“Cutting Back on Your Food Costs– Part 1–How to Start” by Martha Wild King, M.Ed.-- June26, 2012

Budgeting your food money affects what your family consumes, their health, how much you spend on medical care, how often you eat out, and how well you save.  By lowering our food budget to the United Stated Department of Agriculture’s Cost of Food at Home’s lowest cost food plan–“The Thrifty Plan,” –our family has been able to eat well and save over the past 30 years, and you can too!


My quest for lowering the food budget began when planning to travel to England to meet my Navy submariner husband.  Funds were unavailable.  The only place to slash was food.  This is when I began to employ my SOS Principles so that I could "SOS: See Our Sailor. What I want to stress is the letters SOS are for an international distress signal, but they are also a very easy way to control your finances by applying them.


THE FIRST–SOS is SET OUR SPENDING.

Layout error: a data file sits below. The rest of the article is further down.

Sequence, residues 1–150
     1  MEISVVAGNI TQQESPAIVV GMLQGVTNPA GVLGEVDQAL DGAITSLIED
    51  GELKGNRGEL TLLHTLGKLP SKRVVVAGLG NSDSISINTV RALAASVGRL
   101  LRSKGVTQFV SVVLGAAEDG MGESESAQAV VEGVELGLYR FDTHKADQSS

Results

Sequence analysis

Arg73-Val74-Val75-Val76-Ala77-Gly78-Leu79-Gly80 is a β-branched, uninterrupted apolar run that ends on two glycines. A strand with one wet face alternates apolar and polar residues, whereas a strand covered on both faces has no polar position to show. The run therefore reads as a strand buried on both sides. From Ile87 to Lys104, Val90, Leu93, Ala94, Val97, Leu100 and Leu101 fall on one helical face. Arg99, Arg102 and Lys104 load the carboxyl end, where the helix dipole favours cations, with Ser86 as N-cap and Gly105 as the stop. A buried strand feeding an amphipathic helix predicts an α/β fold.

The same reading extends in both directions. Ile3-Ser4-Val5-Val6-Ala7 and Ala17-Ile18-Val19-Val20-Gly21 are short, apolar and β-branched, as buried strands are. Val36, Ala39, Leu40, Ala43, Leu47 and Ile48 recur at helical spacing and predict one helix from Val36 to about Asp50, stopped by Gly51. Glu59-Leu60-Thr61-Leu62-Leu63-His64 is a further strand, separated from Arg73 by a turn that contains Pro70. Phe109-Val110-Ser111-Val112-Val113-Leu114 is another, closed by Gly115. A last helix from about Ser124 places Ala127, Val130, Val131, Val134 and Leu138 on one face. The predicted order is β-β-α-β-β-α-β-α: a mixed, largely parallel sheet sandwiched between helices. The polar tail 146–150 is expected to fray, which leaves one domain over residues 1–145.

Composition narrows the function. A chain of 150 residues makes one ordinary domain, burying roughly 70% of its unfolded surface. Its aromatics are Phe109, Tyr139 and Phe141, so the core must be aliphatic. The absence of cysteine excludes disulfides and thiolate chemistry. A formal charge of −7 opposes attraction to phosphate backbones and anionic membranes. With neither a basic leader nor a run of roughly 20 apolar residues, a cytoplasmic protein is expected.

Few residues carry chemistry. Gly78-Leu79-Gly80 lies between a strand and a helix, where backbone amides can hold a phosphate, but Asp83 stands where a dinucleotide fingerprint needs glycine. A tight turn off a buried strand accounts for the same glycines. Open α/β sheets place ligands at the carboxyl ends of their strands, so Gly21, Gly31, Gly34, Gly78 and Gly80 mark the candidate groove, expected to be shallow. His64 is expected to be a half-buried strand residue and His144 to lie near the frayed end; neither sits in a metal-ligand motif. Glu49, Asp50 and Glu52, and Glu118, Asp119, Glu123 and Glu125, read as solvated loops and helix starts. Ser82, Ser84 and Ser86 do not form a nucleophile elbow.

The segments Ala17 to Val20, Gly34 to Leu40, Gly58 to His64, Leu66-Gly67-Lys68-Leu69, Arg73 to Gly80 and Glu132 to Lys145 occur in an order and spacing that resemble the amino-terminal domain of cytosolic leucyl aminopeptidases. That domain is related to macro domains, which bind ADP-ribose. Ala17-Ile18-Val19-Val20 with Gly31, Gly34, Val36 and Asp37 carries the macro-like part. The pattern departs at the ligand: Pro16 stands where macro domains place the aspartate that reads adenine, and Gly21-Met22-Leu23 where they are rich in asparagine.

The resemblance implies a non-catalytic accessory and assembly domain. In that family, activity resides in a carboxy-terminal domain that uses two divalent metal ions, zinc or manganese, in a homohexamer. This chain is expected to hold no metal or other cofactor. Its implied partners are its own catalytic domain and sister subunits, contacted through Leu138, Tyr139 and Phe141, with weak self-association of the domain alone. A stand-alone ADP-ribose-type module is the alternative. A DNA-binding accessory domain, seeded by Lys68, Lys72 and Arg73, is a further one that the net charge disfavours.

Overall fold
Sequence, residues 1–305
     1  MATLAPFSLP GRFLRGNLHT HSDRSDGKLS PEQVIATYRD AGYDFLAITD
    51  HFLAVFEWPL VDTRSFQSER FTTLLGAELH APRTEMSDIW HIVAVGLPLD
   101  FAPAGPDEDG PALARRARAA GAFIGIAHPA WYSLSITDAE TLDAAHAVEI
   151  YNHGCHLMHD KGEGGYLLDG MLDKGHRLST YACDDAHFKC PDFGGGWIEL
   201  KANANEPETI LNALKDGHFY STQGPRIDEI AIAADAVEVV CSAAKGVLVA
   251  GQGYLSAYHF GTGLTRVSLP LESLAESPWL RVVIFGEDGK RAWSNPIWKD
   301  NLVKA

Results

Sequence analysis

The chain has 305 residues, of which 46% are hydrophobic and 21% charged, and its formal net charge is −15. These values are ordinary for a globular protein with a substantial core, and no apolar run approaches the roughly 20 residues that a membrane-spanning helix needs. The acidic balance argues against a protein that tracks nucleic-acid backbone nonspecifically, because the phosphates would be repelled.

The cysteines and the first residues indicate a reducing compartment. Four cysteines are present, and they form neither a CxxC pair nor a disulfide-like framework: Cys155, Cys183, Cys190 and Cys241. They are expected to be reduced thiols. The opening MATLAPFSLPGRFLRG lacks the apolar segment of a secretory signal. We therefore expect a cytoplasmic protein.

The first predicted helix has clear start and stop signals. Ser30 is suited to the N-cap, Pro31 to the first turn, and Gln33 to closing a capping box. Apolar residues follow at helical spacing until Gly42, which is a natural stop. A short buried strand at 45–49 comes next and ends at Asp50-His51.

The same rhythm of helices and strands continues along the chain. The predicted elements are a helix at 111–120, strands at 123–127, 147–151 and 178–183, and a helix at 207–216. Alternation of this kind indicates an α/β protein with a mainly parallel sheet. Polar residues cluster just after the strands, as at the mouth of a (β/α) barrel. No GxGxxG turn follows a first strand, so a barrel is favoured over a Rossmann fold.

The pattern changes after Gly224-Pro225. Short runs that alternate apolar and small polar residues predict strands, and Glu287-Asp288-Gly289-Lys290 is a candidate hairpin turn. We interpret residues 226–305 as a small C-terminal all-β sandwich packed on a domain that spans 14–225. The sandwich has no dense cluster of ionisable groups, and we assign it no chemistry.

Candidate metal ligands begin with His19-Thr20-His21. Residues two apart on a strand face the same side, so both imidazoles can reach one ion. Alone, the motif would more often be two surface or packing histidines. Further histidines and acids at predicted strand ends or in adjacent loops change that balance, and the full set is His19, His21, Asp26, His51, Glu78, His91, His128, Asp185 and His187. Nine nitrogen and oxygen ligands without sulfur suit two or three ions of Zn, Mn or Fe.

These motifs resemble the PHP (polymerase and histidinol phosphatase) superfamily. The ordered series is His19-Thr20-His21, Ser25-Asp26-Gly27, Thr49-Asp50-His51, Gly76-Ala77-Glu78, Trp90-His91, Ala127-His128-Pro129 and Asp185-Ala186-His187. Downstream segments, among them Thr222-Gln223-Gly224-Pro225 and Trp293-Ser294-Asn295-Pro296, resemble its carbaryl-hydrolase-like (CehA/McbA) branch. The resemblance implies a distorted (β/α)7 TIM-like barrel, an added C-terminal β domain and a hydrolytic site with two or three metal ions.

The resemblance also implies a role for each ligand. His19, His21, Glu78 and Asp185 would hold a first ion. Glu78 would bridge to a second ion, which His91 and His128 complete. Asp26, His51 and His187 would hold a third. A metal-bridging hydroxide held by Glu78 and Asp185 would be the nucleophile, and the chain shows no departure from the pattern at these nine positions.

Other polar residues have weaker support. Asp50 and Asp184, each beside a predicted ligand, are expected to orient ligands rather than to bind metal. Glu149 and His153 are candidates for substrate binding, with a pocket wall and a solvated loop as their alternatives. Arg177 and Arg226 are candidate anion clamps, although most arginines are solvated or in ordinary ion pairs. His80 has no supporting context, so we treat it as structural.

This SOS means that you set your spending limits based on the USDA recommendations for cost of food at home. https://www.fns.usda.gov/cnpp/usda-food-plans-cost-food-reports-monthly-reports For example, if I take each of the weekly Costs of Food at Home and calculate for my NOW family of three, four significant figures develop.  The Thrifty Plan for my husband, myself, and our 14 year old daughter is $108.80; the Low-Cost Plan is $138.30; the Moderate Plan is $169.10; and the Liberal Plan is $205.40.  Thus a $100 savings exists between the Thrifty and Liberal Weekly Plans.


THE SECOND–SOS is SALVAGE OLD STUFF.  

Yes take stock of what you have.  Yes, delve into your pantry, your cupboards, and your food shelves in the basement or garage.  Look at the expiration date, ask yourself if you are ever! going to use that can of pickled pig’s feet, and if in doubt–throw it out.  Also look into your refrigerator and see what you can combine to create anew.  Can that dying carrot be thrown into a stew with the wilted celery and sprouting potatoes?  Get creative.  SOS: Salvaging Old Stuff can actually pocket money up front, for you can probably live on what’s in your pantry for several weeks if you are like most Americans.


Next time–Part 2 HOW TO SHOP

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